A series of novel LC polymers containing azophenyl group was synthesized by performing a diazotization reaction between cardanol and para aminobenzoic acid and polymerization resulting monomer to get poly4[-4-hydroxy 2-pentadecyl phenyl]azo benzoic acid. These are in general, insoluble and introduction of pentadecyl group has significantly improved its solubility. Moreover, azo based LC polymers are well known to give non-linear optical behaviour, and for such applications , the polymers should not absorb in the UV RANGE OF 100-200 nm. The LC polymers prepared did not absorb in this region, indicating possibly that this polymer might show useful non-linear optical properties. The field of side chain liquid crystal polymers have attracted considerable interest in both academic research not only due to low molecular mass liquid crystals, and that of macromolecules, but also because of the superior properties they possess over the main chain liquid crystal polymers.



THE FUTURE OF LC POLYMERS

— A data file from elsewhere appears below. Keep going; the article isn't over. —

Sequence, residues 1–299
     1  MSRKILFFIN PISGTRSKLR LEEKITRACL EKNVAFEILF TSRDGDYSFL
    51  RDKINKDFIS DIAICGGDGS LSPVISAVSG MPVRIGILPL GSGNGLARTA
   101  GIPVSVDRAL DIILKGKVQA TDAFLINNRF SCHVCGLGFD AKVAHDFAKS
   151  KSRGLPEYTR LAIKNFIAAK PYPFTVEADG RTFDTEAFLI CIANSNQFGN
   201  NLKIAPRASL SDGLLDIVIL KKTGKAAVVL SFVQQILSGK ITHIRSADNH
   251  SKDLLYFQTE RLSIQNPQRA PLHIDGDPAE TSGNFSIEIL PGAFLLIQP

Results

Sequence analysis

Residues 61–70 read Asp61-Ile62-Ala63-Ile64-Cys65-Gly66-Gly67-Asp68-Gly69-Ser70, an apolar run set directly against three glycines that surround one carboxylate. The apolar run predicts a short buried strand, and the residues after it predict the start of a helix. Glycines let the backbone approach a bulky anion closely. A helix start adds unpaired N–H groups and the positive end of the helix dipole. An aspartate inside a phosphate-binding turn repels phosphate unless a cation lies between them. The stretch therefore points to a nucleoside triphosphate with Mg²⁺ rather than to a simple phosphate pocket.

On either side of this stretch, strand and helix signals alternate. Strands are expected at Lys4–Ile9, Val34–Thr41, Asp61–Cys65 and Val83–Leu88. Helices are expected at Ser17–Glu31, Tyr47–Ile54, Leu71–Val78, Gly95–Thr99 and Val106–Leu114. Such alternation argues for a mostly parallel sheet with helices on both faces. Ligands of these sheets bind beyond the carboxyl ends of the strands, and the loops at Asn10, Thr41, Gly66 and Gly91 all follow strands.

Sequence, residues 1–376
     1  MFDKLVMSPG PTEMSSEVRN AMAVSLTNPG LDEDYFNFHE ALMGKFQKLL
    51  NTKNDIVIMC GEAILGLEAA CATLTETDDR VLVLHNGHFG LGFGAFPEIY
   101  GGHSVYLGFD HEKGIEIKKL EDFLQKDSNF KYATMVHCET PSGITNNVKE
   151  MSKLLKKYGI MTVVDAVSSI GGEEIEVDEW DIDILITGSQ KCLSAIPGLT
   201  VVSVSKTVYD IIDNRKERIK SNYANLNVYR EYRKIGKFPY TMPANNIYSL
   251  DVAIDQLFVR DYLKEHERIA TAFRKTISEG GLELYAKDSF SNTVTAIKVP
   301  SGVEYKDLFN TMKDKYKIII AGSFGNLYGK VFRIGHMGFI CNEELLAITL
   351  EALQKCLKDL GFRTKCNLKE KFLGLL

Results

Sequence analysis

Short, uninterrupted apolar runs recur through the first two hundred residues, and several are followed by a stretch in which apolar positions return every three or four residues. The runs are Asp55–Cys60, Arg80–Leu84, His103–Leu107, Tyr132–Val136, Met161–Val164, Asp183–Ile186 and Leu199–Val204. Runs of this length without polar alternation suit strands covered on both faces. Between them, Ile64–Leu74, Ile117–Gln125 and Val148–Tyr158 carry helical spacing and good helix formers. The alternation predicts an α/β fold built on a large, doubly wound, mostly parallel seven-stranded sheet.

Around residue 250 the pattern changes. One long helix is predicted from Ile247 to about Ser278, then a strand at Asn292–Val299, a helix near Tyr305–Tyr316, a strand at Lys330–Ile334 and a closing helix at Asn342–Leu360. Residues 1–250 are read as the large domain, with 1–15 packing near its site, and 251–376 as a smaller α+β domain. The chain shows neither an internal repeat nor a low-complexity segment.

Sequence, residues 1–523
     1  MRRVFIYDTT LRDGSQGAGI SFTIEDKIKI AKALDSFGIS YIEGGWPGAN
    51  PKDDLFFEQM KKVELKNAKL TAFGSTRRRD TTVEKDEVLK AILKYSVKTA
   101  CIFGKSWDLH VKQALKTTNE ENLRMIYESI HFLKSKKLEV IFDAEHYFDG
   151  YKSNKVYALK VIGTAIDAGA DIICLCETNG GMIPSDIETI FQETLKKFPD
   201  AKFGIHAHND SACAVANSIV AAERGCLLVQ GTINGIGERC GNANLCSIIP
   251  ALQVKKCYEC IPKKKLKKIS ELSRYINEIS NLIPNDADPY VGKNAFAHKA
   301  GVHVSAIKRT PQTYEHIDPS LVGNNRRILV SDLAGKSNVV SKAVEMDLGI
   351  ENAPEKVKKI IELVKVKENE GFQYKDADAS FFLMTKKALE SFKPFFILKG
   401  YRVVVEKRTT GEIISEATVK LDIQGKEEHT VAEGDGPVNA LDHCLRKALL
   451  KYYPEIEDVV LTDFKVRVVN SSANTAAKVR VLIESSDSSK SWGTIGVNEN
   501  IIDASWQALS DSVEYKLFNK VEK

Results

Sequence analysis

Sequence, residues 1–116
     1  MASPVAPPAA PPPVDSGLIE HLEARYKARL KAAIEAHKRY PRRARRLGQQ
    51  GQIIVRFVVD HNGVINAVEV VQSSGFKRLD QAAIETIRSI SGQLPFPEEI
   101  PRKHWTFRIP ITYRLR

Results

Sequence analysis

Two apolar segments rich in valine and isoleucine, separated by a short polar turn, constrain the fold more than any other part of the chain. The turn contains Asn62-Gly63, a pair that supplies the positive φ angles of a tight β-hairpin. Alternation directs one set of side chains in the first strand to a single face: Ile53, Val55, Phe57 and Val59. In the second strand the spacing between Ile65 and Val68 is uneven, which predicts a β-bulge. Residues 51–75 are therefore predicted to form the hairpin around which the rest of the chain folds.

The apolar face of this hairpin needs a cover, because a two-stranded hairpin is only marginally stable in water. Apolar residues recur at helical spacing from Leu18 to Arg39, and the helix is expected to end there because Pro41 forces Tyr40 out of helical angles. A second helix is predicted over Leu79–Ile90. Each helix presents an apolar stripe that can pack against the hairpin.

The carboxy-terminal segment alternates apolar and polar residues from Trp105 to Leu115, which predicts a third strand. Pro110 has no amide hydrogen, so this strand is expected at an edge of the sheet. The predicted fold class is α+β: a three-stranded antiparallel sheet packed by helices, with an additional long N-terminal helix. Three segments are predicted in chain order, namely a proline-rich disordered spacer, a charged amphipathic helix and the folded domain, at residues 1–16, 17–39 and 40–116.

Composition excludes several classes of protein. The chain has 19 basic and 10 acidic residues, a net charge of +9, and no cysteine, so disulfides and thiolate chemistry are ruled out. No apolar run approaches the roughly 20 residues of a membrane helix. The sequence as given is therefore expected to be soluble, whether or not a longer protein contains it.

Liquid crystal polymers offer tremendous potential for applications in both functional and high performance polymers. The well known applications of LC rigid main chain polymers in the aerospace and military departments as high performance fibres, film, coating and intricate machine parts might recede due to the end of cold war. The use of LCPs in electronic industry and in the chemical industries are expected to continue. The main applications of side chain polymers, in particular silicone polymers, is in gas liquid chromatography. There are promising developments in ferro-electric side chain LC polymers to be used in display devices where the switching time is critical. Other potential applications for LCPs are in the area of telecommunication as wave guides, NLO devices, optical windows, optical grating etc. The ferroelectric LC polymers and NLO active polymers are envisaged to be futuristic advanced materials. The problems to be overcome in these polymers are their switching time and dipole relaxation respectively.